Mount Moriah

I have an unhealthy amount of love for McEntire’s work, both solo and with Mount Moriah. So I don’t know how I missed the announcement for the follow up to LIONHEART. The fine folks at Merge will be releasing this fine album on 8/21. Here’s some info from the Merge PR folks.

Unlike McEntire’s solo debut, LIONHEART, which was recorded in sporadic bouts and fits while she was touring, Eno Axis is firmly rooted in place. After two years working all over the world as a backup singer in Angel Olsen’s band, McEntire came home to a hundred-year-old farmhouse tucked away in the woods of Durham, North Carolina, right on the Eno River. Here, McEntire was able to refocus. Like the blue-collar Appalachian kin she descended from, her days were scheduled by the clockwork of the Earth’s rotation: splitting wood, stacking it, weeding and watering the garden, walking the dog past the bridge and back—and every evening on the front porch, watching dusk fall. Eno Axis emerges from this time as the strongest work McEntire has shared yet.

With Eno Axis, H.C. McEntire establishes herself as a force to be reckoned with in the greater American musical landscape. These songs transcend country and gospel, folk and rock—they’re poems directed straight to the listener, simple psalms on how the sun falls, how the train passes, how love grows and bends. McEntire inspires us to find the stillness within our own lives—a remarkable clear-ringing declaration for our uncertain times.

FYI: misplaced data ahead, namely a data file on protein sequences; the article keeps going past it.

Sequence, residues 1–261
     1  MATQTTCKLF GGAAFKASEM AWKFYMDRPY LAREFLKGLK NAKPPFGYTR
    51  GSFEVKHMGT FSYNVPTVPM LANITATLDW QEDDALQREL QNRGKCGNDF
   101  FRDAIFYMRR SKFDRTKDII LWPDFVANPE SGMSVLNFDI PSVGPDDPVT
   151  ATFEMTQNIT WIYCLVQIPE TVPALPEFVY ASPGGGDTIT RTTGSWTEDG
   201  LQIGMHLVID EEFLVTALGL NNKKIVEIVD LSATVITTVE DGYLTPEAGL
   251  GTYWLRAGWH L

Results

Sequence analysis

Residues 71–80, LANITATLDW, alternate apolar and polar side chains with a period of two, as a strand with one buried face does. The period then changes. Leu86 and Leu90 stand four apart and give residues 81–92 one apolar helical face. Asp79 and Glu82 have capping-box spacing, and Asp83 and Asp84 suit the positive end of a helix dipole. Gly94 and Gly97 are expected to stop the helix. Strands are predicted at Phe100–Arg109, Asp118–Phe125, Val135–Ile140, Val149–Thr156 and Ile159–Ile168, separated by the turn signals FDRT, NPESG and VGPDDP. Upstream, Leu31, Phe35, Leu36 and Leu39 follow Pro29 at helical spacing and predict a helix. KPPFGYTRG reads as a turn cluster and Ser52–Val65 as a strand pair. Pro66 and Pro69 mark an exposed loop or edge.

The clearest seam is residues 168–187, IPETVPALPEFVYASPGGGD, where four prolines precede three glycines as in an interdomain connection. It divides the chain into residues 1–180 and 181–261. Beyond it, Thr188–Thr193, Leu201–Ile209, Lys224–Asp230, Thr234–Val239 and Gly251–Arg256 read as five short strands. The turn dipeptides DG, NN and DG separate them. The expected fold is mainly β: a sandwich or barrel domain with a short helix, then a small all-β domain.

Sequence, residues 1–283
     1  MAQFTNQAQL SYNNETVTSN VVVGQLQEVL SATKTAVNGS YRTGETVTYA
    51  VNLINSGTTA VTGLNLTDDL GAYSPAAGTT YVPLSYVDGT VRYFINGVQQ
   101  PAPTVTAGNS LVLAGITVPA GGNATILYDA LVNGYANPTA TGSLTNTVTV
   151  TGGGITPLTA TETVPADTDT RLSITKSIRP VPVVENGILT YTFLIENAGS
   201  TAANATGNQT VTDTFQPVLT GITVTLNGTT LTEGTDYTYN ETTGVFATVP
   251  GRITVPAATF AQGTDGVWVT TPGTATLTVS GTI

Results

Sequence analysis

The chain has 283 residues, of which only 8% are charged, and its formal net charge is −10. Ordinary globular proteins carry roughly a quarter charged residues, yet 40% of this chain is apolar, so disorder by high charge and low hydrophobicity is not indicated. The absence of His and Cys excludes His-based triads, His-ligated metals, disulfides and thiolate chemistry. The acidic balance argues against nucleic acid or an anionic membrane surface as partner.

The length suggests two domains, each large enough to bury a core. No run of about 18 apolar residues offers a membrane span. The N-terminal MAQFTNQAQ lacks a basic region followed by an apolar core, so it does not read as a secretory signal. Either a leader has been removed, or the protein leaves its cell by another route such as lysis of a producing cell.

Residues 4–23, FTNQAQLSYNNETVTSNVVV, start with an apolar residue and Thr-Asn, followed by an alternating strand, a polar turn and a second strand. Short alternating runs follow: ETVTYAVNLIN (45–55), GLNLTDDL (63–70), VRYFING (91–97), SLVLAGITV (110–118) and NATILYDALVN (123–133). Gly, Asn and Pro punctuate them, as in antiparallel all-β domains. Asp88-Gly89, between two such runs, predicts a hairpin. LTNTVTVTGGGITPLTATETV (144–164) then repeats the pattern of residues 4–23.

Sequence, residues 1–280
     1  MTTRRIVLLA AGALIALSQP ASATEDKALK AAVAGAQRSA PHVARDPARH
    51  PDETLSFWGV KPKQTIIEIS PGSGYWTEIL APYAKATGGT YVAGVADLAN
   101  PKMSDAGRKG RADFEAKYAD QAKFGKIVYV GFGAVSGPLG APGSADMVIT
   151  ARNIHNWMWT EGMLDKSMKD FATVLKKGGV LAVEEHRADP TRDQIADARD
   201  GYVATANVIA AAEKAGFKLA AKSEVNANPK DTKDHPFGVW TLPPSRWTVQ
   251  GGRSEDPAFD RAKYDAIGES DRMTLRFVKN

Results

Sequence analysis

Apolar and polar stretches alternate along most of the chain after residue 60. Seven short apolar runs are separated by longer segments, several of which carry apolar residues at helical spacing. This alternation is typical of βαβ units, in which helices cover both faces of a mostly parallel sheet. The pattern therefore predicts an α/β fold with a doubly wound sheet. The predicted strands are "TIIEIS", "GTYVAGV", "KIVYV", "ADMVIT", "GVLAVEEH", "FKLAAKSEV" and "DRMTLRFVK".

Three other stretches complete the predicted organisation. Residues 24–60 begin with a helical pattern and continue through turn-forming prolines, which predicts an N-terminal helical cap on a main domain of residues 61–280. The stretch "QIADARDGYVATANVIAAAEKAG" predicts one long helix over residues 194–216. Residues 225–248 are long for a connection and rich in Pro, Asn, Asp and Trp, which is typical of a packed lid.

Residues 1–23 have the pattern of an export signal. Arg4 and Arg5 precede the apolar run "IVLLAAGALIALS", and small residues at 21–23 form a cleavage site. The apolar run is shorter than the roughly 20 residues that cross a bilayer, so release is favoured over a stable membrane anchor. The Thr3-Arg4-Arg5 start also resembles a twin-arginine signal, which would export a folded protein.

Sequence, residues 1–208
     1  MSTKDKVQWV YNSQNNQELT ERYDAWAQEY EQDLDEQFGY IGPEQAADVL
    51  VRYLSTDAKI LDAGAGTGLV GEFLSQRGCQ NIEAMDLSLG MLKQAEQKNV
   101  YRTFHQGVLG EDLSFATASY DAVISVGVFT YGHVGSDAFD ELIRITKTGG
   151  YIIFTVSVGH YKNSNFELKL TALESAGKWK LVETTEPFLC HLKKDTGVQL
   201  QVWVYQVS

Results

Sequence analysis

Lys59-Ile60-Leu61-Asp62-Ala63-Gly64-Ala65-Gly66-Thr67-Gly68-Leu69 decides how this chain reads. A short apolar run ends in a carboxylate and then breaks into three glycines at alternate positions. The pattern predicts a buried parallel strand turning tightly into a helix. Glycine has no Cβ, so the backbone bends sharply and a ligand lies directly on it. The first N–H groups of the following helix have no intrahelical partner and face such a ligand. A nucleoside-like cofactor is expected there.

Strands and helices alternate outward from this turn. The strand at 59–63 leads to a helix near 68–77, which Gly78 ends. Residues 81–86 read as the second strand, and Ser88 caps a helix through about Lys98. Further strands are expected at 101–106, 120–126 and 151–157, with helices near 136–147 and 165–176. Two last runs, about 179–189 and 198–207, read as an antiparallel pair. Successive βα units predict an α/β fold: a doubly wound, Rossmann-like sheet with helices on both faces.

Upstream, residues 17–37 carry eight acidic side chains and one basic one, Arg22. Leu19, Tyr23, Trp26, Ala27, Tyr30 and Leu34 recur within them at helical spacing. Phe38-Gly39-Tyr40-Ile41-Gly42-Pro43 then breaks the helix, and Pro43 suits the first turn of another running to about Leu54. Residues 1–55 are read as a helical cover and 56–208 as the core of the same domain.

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H.C. McEntire is here


H.C. McEntire – LIONHEART (Album Review)

by Woody on January 31, 2018

LIONHEART sees Heather McEntire stepping out on our own after three magnificent albums with Mount Moriah. With Kathleen Hanna providing the spark to make this record, McEntire enlisted the help of Phil Cook, William Tyler, Angel Olsen among others and the results are fantastic.

Like Mount Moriah, the album is rooted in Americana. The album opens up with A Lamb, A Dove. The tune explores her sexuality in a gospel-themed track; an oxymoron in the traditional country music scene. In today’s time, tracks that ring true with lines “I have found heaven in a woman’s touch. are the pillars we need to carry on. It is an inspired choice to open the album. A couple tunes later, McEntire strikes a more defiant tone with Yellow Roses, in that she wants to be recognized and accepted for her true self.

LIONHEART reminds me of another Merge artist, Hiss Golden Messenger. Both of these artists come across as spiritual without being judgy or preachy; they look to see the good in the world through all the negativity and conflict. That takes a considerable amount of introspection and I’d imagine that it isn’t easy, but with both the results are always stunning.